Within weeks of taking office in 2011, Gov. Rick Scott made one of the worst decisions of his administration and refused $2.4 billion in federal money for a high-speed rail line between Tampa and Orlando. Within months of leaving office, the governor...
Published: 08/17/18
Editorial: Hillsborough has a place among growing number of governments suing opioid makers

Editorial: Hillsborough has a place among growing number of governments suing opioid makers

Local governments across the land can find plenty of reasons to go after the drug industry over the crisis of opioid addiction.Hillsborough County can find more reasons than most.• In 2016, the county led the state with 579 babies born addicted to dr...
Published: 08/17/18
Editorial: Here’s what needs to be done to stop algae blooms

Editorial: Here’s what needs to be done to stop algae blooms

The environmental crisis in South Florida has fast become a political crisis. Politicians in both parties are busy blaming one another for the waves of toxic algae blooms spreading out from Lake Okeechobee and beyond, fouling both coasts and damaging...
Published: 08/15/18
Updated: 08/17/18
Editorial: Journalists are friends of democracy, not the enemy

Editorial: Journalists are friends of democracy, not the enemy

It is real news that the Hillsborough County School District said this week it will accelerate testing for lead in drinking water and release the results after the Tampa Bay Times reported testing would take years and that until we asked families wer...
Published: 08/15/18
Updated: 08/16/18

Bumping into GOP cowardice on guns

One small island of sanity in the generally insane ocean of American gun culture is the near-complete federal ban on civilian possession of fully automatic weapons — machine guns.The nation got a bitter taste last year of what we’d be facing on a reg...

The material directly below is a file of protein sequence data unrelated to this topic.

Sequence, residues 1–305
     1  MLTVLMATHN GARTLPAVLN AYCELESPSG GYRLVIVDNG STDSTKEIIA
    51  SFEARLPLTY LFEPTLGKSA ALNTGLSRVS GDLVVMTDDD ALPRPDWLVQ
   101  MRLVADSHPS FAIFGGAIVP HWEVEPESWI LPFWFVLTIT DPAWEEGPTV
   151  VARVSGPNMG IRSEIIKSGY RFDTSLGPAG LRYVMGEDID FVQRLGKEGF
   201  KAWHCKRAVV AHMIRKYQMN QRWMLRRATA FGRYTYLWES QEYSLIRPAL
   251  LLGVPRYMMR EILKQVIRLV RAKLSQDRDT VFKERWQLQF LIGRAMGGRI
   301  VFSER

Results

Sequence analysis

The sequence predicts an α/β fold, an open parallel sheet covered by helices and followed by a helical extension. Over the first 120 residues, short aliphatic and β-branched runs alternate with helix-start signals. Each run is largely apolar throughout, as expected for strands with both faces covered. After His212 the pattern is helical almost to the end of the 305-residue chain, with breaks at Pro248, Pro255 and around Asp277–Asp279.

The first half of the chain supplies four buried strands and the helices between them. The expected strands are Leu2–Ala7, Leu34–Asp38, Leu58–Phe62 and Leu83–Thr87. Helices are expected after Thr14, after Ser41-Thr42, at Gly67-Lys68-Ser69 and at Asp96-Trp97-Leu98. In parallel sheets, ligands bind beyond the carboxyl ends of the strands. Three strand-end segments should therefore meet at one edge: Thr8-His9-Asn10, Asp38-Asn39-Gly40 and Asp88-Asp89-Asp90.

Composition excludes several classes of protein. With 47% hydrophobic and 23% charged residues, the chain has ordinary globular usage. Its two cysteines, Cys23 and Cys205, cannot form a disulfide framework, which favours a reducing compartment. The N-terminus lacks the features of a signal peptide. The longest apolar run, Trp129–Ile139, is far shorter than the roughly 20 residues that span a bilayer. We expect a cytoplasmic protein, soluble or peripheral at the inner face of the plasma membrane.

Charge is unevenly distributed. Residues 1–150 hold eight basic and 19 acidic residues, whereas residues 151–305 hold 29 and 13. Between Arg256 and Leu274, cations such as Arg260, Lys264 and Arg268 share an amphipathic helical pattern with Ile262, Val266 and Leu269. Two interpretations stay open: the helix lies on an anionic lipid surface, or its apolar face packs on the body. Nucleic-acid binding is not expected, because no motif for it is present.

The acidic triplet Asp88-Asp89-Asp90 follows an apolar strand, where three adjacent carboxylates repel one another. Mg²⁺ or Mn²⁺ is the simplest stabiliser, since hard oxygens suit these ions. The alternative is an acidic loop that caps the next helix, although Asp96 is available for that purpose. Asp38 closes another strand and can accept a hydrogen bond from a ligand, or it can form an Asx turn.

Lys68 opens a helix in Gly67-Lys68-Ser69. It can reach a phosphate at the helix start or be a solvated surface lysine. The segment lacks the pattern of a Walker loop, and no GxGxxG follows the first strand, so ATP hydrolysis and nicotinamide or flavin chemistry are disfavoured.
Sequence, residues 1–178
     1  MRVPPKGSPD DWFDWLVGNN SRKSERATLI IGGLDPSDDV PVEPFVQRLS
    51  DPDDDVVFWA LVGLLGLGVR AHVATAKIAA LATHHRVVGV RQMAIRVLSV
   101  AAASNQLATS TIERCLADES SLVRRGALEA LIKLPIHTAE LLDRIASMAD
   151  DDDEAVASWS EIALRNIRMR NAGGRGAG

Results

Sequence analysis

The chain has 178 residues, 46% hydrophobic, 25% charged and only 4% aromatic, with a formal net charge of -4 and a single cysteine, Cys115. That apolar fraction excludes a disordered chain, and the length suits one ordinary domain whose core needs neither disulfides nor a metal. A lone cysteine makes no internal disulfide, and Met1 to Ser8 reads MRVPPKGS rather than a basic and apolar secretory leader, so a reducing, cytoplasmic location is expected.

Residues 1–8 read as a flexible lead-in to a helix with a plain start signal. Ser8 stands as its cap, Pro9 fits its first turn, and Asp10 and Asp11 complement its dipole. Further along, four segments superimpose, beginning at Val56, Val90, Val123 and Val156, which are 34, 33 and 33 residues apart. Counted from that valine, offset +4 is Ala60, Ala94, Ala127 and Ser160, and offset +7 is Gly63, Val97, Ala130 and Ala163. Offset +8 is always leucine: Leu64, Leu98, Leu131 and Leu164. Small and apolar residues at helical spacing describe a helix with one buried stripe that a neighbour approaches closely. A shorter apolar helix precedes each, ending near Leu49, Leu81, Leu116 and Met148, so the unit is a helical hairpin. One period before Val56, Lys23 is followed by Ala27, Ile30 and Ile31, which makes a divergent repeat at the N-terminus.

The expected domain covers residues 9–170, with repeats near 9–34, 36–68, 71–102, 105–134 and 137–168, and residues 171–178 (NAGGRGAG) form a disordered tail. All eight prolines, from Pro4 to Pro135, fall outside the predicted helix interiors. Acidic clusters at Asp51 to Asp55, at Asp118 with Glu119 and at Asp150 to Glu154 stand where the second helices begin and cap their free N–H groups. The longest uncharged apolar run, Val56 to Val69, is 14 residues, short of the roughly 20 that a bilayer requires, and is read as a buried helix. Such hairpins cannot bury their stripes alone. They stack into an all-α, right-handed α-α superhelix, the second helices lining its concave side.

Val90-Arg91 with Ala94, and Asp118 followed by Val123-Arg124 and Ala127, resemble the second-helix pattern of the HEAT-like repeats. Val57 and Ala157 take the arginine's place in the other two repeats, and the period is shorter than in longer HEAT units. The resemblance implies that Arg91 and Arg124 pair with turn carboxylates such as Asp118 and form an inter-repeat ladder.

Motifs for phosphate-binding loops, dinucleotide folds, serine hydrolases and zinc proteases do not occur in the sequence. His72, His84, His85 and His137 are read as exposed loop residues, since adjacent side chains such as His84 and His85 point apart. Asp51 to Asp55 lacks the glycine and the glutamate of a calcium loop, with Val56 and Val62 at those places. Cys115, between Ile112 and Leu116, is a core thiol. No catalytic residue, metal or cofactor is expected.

Published: 08/14/18
Updated: 08/17/18
Editorial: Vaccinations are safe way to prevent measles

Editorial: Vaccinations are safe way to prevent measles

The revelation that three people in Pinellas County have contracted the measles virus should be a wake-up call to everyone to get vaccinated if they haven’t been — and to implore parents to immunize their kids. Contagious diseases such as measles can...
Published: 08/14/18
Updated: 08/17/18
Editorial: Habitat for Humanity still has questions to answer about selling mortgages

Editorial: Habitat for Humanity still has questions to answer about selling mortgages

A good reputation can vanish overnight, which is why Habitat for Humanity of Hills-borough County made a smart decision by announcing it would seek to buy back 12 mortgages it sold to a Tampa company with a history of flipping properties. The arrange...
Published: 08/14/18
Editorial: Vote — or a minority of the electorate will decide your future without you

Editorial: Vote — or a minority of the electorate will decide your future without you

40%of Americans who were eligible to vote for president in 2016 just didn’t bother. That number dwarfs the portion of all eligible voters who cast a ballot for President Donald Trump — 27.6 percent — or, for that matter, Hillary Clinton, 28.8 percent...
Published: 08/13/18
Updated: 08/17/18
Editorial: Why stand your ground has to go

Editorial: Why stand your ground has to go

Pinellas-Pasco State Attorney Bernie McCabe made a reasonable decision to charge Michael Drejka with manslaughter in last month’s deadly Clearwater convenience store parking lot confrontation. The shooting, which erupted over use of a handicap parkin...
Published: 08/13/18
Editorial: Politics aside, arguments are clear for moving appellate court to Tampa

Editorial: Politics aside, arguments are clear for moving appellate court to Tampa

It’s time to re-establish a permanent home for the state appeals court that serves the Tampa Bay region.It makes sense to put it in Tampa, the same as it made sense 30 years ago when the court’s operations began moving piece by piece up Interstate 4 ...
Published: 08/09/18
Updated: 08/10/18